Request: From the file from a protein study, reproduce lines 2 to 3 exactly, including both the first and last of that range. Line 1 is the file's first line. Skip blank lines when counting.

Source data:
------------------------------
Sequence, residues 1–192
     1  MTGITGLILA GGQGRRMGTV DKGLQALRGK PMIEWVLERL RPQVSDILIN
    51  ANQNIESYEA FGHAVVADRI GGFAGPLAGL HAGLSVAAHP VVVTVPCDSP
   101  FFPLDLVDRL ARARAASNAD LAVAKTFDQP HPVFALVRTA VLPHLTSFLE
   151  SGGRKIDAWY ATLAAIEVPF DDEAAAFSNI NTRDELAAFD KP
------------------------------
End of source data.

     1  MTGITGLILA GGQGRRMGTV DKGLQALRGK PMIEWVLERL RPQVSDILIN
    51  ANQNIESYEA FGHAVVADRI GGFAGPLAGL HAGLSVAAHP VVVTVPCDSP